The purpose of this work was to assess the relation between exposure to secondhand smoke (SHS) at work and reported respiratory and sensory symptoms. A cross-sectional telephone survey of 382 nonsmoking indoor workers in Victoria, Australia was used. After controlling for potential confounders, exposure to SHS at work for part of the day was significantly associated with an increased risk of wheeze (OR = 4.26), frequent cough (OR = 2.26), sore eyes (OR = 3.77), and sore throat (OR = 2.70). Among workers who had not experienced a cold in the past 4 weeks, we found strong dose–response relationships between increasing levels of exposure to SHS at work and morning cough, frequent cough, sore eyes and sore throat, and a positive relationship for wheeze. These findings provide compelling evidence that nonsmoking indoor workers are adversely affected by exposure to SHS at work and underline the importance of workplace smoke-free policies in protecting the health of workers.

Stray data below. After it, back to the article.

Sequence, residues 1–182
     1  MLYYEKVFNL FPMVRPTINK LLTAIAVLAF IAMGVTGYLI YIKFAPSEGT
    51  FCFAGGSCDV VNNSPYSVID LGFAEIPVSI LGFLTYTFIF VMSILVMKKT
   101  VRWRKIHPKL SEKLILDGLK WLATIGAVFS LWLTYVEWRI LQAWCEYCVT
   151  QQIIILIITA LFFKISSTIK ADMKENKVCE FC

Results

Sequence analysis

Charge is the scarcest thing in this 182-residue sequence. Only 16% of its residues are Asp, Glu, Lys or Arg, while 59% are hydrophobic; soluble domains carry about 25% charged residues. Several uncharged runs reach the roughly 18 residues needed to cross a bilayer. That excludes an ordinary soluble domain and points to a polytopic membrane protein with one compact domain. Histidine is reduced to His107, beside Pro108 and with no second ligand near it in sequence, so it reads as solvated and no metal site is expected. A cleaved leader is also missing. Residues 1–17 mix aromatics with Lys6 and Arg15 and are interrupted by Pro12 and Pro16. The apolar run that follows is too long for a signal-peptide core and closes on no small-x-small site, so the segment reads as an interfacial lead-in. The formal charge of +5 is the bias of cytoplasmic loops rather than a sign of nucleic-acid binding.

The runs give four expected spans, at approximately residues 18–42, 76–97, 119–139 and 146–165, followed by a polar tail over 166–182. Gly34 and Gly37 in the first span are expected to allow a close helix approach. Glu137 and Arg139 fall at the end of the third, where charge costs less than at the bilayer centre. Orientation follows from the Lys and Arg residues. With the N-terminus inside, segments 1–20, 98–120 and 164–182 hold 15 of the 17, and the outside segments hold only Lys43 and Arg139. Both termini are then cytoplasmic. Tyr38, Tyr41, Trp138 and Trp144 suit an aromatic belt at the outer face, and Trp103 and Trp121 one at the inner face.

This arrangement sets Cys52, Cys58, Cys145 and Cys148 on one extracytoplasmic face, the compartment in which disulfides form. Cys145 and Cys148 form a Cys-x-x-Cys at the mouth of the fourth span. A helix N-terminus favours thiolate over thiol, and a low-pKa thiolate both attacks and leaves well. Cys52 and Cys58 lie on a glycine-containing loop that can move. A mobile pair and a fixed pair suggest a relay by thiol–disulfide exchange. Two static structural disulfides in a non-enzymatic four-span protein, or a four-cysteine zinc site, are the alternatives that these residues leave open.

From the Centre for Behavioral Research in Cancer, Cancer Control Research Institute, The Cancer Council Victoria, Carlton, Victoria, Australia (Dr Wakefield, Ms Trotter, Ms Cameron, Mr Inglis); Department of Public Health, Wellington School of Medicine and Health Sciences, University of Otago, Wellington South, New Zealand (Dr Woodward); and The Cancer Council Victoria, Carlton, Victoria, Australia (Dr Hill).
Address correspondence to: Melanie Wakefield, PhD, Director, Centre for Behavioral Research in Cancer, Cancer Control Research Institute, The Cancer Council Victoria, 1 Rathdowne Street, Carlton, Victoria Australia 3053; e-mail: Melanie.Wakefield@cancervic.gov.au.